When I arranged my accommodation with The Sedona Summit, I didn’t realize it was a time-share organization. Checking in was a bit strange. I wondered why nobody offered to help me with my luggage and I had a hard time finding my room. “My room” was on the second floor of one of many vermillion coloured six and eight plexes. (All the buildings are painted to match the red rocks of Sedona.) “My room” turned out to be  larger than my apartment in Kingston. Its fully equipped kitchen had everything a dedicated cook could wish for, including a dish washer. You can imagine my surprise when I opened a cupboard and found a washer and dryer. Price-wise it was a real bargain!

Once I settled into my new living space, I went to the front desk to arrange my trip to the Grand Canyon. To my surprise the clerk offered me a free daylong tour if I would agree to spend ninety minutes with their sales person. Ninety minutes couldn’t be too painful, I decided, so I agreed to the exchange: my ears in return for $200 worth of trip.

Steeling myself to resist whatever unpleasantness was coming my way, I waited along with a dozen others for my salesman. He turned out to be a benign looking white haired man with glasses. I followed him to a round table surrounded by four chairs. I’d decided to tell him honestly that I was here for the free tour and nothing else. He looked a little surprised, tried anyway to interest me in investing, then finally said, “Well we have to spend 90 minutes together. We might as well do something interesting.”

I thought that was decent of him and let him know that I’d already arranged to rent a house in the Tucson area for the winter. He, bless his heart, opened his computer to “Google Earth” and showed me the area I’ll be staying in when the cold winds start blowing back home.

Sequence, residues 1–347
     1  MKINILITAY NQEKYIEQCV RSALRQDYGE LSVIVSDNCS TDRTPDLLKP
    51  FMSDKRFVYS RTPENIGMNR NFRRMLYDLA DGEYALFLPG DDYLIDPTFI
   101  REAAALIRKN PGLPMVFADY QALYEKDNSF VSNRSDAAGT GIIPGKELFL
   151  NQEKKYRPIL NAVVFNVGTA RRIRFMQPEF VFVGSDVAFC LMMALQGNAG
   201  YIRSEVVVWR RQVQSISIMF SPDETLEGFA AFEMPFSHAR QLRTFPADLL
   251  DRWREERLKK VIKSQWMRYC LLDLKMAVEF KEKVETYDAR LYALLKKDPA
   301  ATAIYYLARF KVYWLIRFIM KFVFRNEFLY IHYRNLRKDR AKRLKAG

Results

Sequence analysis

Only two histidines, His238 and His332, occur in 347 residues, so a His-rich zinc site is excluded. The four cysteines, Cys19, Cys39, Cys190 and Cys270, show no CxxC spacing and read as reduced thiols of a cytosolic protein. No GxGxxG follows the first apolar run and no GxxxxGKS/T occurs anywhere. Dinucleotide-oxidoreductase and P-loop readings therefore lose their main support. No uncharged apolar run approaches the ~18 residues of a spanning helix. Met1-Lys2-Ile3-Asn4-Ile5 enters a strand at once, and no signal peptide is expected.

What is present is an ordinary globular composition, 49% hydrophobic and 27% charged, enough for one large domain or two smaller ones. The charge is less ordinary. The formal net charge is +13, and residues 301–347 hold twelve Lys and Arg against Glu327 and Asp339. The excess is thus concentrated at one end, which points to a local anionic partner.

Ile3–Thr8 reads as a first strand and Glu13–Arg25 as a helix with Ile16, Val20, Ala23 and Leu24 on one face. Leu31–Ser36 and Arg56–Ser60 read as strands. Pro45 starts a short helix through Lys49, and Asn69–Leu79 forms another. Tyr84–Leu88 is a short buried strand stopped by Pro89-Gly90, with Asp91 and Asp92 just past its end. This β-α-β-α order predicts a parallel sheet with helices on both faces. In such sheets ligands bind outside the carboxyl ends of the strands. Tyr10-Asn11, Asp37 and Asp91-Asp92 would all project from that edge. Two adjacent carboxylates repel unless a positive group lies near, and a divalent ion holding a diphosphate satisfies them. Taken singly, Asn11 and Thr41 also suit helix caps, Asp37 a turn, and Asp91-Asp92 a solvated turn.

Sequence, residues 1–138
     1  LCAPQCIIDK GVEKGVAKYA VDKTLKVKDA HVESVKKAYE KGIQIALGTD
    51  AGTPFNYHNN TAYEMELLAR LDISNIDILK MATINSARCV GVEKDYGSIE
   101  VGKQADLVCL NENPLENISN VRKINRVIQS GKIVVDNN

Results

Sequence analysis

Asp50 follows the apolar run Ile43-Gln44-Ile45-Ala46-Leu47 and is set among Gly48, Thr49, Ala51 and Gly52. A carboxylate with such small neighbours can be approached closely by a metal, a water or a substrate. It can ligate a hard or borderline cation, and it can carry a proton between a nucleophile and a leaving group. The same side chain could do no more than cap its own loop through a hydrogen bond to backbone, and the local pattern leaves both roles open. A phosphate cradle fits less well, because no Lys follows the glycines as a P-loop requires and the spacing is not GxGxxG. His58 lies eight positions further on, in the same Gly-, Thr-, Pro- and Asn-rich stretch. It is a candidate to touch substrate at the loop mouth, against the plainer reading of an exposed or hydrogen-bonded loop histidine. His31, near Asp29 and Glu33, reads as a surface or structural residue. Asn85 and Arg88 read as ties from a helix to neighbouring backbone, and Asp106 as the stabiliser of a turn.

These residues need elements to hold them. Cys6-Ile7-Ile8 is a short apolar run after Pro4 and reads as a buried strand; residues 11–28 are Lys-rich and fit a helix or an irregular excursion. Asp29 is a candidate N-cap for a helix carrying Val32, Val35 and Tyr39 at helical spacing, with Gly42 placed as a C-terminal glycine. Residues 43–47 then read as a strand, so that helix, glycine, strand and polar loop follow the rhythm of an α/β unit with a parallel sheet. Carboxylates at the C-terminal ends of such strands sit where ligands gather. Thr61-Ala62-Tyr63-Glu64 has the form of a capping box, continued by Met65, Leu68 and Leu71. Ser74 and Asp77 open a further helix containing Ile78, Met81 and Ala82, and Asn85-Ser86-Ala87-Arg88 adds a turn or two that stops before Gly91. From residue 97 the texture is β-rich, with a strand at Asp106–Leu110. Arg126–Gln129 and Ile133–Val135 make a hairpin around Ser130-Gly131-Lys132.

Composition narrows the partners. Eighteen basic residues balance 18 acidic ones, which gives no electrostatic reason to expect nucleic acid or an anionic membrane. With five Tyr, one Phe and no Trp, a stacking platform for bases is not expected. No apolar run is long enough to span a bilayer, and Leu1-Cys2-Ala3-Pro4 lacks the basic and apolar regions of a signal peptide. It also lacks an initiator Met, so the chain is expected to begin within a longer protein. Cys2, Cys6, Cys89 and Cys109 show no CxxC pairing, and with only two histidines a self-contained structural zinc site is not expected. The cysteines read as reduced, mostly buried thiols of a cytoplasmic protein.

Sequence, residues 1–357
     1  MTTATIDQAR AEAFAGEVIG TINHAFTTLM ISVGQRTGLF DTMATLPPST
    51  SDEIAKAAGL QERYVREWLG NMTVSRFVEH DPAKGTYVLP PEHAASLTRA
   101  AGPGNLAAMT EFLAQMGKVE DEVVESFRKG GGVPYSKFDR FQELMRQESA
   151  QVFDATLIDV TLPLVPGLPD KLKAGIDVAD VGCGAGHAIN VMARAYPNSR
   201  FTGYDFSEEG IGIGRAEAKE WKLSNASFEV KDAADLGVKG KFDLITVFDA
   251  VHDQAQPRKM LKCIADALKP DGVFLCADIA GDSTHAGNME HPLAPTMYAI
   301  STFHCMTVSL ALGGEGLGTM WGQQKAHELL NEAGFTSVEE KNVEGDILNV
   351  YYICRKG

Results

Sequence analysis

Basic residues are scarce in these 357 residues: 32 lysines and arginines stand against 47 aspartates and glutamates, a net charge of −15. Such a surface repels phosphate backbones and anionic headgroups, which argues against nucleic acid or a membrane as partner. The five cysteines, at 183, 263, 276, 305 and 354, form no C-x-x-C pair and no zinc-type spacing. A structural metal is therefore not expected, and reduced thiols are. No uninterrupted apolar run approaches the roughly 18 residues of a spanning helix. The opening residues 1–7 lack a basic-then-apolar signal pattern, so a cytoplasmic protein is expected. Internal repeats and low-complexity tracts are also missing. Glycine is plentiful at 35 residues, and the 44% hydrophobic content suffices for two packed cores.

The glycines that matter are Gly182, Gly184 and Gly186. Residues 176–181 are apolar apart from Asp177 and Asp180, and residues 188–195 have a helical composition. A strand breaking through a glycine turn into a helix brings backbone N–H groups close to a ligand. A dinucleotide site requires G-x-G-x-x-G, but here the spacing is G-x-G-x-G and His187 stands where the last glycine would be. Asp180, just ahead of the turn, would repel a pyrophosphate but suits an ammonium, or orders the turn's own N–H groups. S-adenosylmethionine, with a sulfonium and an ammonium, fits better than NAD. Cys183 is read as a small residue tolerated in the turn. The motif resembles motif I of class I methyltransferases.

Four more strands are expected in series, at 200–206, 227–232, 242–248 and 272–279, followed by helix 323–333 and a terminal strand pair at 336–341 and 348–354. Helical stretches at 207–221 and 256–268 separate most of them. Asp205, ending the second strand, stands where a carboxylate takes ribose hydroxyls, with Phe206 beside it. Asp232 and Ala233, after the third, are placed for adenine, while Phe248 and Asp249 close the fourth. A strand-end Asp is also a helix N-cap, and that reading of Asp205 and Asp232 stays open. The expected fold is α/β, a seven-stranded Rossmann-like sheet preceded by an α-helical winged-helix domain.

I’ve been here at the timeshare resort for over a week now. It’s a perfect place for me with daily activities of the sort I like: yoga, Qi Gong, guided walks through the desert, hiking trips to the famous vertexes, and on and on. What’s more, I don’t have to summon up my courage to eat dinner alone. I go grocery shopping and prepare my own food in the spacious kitchen.

Actually, this wouldn’t be a bad bet for someone like me. All the gardening, garbage, cleaning and so on is taken care of. What’s more, it’s a friendly place. People share a sense of belonging to the club. There’s both privacy and a chance to mix with people. Couldn’t be a better fit. The reason I won’t consider it? They don’t accept dogs as guests. There’s no way I would leave Sammy The Poodle for 5 months. It’s hard enough leaving him for the two and a half weeks of this trip.

So, how was the Grand Canyon? Unbelievable, indescribable, and all the other adjectives you’ve always heard. Nine of us tourists climbed into a van with a tour guide who took us up 8,000 feet, over the Arizona plateau, round and round hairpin turns, finally arriving at the Grand Canyon.  Since it’s indescribable, I’ll attach a few of the photos I took.

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Travelling Alone or “You’re so Brave.”

IMG_2090I’m here in Arizona, travelling alone, fulfilling my lifelong dream of seeing the Arizona desert. I’ve always wanted to visit Frank Lloyd Wright’s architectural legacies, the Grand Canyon, Sedona and a thousand other wonders in this amazing part of our world. Along the way I  meet other women, young and old, who look at me with admiration and great respect.         

They say:  “I could never do that.”  “You’re so courageous.”  “I’d be too lonely.” “I so admire you.” “I wish I could be like you, but I’d be too scared.“

I’m glad I look brave. It’s often not the way I feel. Inside, I’m often quivering, not sure I’ve made the right choice and scared that I won’t remember the route I’m to take to such-and-such. Two heads with two sets of eyes would be so comforting. It’s hard to travel alone, especially at the end of the day. But the alternative is even less attractive. Staying home and missing out on checking off items on my bucket list? That’s even less appealing.